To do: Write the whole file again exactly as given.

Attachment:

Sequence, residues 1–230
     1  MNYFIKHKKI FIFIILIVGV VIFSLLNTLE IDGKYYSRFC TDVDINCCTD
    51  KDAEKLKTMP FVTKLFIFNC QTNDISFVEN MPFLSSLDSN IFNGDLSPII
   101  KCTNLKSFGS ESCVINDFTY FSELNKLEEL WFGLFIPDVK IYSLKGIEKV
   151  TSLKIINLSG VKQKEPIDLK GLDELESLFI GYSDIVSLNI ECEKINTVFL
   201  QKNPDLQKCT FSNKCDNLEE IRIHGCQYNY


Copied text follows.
Sequence, residues 1–230
     1  MNYFIKHKKI FIFIILIVGV VIFSLLNTLE IDGKYYSRFC TDVDINCCTD
    51  KDAEKLKTMP FVTKLFIFNC QTNDISFVEN MPFLSSLDSN IFNGDLSPII
   101  KCTNLKSFGS ESCVINDFTY FSELNKLEEL WFGLFIPDVK IYSLKGIEKV
   151  TSLKIINLSG VKQKEPIDLK GLDELESLFI GYSDIVSLNI ECEKINTVFL
   201  QKNPDLQKCT FSNKCDNLEE IRIHGCQYNY